On Thursday, October 17, 2019 at 3:15:49 PM UTC-7, Sean Voisen wrote:
> On Thu, Oct 17, 2019 at 1:05 PM <ikilpatr...@chromium.org> wrote:
> >
> > These features (broadly speaking) are different however. According to the
> > above policy:
> > "Exceptions to requiring secure contexts"
> > " - other browsers already ship the feature insecurely"
> >
> > Most (all?) of the non-trivial features above have shipped in other
> > browsers insecurely before shipping in Firefox, hence the above exception
> > applies.
> >
> But it also says: "In contrast, a new CSS color keyword would likely not be
> restricted to secure contexts." Given that this is a new value for
> grid-template-*, and not a new CSS property, I'd argue it doesn't apply.

I'd argue that the color example is a "trivial" feature, unlike subgrid. But 
the original framer of the policy would have a better understanding of what 
that meant.

FWIW most new CSS features are placed behind values/etc, so I don't believe 
that is the distinction in the policy.
> > "subgrid" is different as Firefox is shipping this feature first.
> >
> I believe we were also first to ship the support for multiple display
> values, but again those are values. And I think we're the first on
> ::marker. These were not restricted.

Again "multiple dipslay values" are probably in the "trivial" feature bucket 
(if that exists).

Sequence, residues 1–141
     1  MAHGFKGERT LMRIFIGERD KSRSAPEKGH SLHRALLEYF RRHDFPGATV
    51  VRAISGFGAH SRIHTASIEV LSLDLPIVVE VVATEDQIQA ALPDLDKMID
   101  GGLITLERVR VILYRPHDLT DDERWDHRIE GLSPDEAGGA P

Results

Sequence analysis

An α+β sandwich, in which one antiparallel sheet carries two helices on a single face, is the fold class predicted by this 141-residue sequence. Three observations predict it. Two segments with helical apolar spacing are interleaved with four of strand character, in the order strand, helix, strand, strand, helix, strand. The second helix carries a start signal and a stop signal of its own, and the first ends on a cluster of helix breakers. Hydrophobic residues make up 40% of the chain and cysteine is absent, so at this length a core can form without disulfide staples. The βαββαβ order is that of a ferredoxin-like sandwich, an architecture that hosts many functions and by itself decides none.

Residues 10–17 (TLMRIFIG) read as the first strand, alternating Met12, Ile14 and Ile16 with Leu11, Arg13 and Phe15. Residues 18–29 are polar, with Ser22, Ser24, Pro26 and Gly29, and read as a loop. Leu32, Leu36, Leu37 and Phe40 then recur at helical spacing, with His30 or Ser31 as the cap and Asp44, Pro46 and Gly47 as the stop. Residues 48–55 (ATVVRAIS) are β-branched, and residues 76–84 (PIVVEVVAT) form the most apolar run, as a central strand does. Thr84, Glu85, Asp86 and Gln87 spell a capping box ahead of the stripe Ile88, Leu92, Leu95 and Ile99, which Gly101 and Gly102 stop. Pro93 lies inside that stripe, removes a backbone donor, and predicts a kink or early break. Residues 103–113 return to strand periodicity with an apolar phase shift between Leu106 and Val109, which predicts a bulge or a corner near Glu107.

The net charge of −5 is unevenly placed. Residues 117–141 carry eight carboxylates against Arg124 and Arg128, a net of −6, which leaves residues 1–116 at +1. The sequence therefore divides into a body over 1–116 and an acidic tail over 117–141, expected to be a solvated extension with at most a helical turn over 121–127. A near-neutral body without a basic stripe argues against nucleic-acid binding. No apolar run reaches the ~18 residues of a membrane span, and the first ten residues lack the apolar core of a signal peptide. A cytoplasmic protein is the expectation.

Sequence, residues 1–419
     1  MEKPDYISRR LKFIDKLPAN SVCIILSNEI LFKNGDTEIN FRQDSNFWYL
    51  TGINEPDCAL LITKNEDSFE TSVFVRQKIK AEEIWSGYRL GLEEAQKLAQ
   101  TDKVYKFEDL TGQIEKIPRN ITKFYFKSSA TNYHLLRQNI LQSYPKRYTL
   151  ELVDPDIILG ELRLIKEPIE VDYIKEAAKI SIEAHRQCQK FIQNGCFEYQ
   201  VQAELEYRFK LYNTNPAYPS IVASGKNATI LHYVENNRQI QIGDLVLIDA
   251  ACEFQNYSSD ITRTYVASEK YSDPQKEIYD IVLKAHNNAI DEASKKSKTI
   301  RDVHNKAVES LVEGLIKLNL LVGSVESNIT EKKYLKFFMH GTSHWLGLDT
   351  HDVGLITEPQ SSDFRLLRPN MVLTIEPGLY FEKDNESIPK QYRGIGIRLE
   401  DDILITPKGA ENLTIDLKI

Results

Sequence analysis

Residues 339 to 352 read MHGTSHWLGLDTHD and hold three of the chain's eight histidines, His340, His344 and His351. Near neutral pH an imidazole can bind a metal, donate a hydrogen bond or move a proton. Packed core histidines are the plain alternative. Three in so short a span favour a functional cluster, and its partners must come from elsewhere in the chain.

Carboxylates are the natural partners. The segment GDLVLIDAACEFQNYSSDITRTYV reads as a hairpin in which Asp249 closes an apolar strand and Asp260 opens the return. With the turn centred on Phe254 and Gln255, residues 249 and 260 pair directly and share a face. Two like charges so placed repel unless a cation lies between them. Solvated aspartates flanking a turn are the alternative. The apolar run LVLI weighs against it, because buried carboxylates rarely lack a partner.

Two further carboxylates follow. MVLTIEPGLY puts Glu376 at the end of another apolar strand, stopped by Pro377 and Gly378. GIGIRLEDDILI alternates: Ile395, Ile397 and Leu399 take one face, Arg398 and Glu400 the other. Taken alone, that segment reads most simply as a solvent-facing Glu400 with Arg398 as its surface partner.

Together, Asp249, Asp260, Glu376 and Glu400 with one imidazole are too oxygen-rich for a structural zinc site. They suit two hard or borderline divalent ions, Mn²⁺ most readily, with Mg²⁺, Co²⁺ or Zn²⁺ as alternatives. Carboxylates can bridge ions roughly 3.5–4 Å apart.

::marker (which seems like it was only shipped recently) probably should have 
been restricted to secure contexts by this policy?

> > > As far as I know we don't even have a mechanism that I could
> > > have used to restrict subgrid to secure contexts.  And to be
> > > clear: I have no intention of blocking subgrid on waiting for
> > > such a mechanism.
> >
> > This should just involve passing a isSecureContext flag into the your CSS
> > parser?
> >
> There's also the consideration as to whether allowing grid in non-secure
> contexts, but NOT subgrid, even makes sense. I think it would oddly
> fracture support for grid layouts as a whole (or at least potentially make
> things confusing for developers — it's certainly more confusing than just
> restricting access to a single property like backdrop-filter or something).
> Perhaps we should ask what the value of restricting only subgrid to secure
> contexts even brings. If part of the spirit of the policy (at least the
> part that applies here) is to quicken adoption of secure contexts, is the
> value of subgrid's contribution to this endeavor worth the trade-off of
> potential user confusion?

For almost any CSS feature you could make a similar argument I believe.

I think one interesting part here is that (from my knowledge) this policy 
actually hasn't been applied yet, due to the "other browsers shipping 
insecurely" exception.
But all good questions!

> > Given this shouldn't a "...Mozilla’s Distinguished Engineers to judge the
> > outcome..."?
> >
> It's an interesting test of the policy. Thanks for bringing it up :)

No problem!

I trust the Mozilla community will decide on a reasonable outcome, and update 
the policy if necessary.
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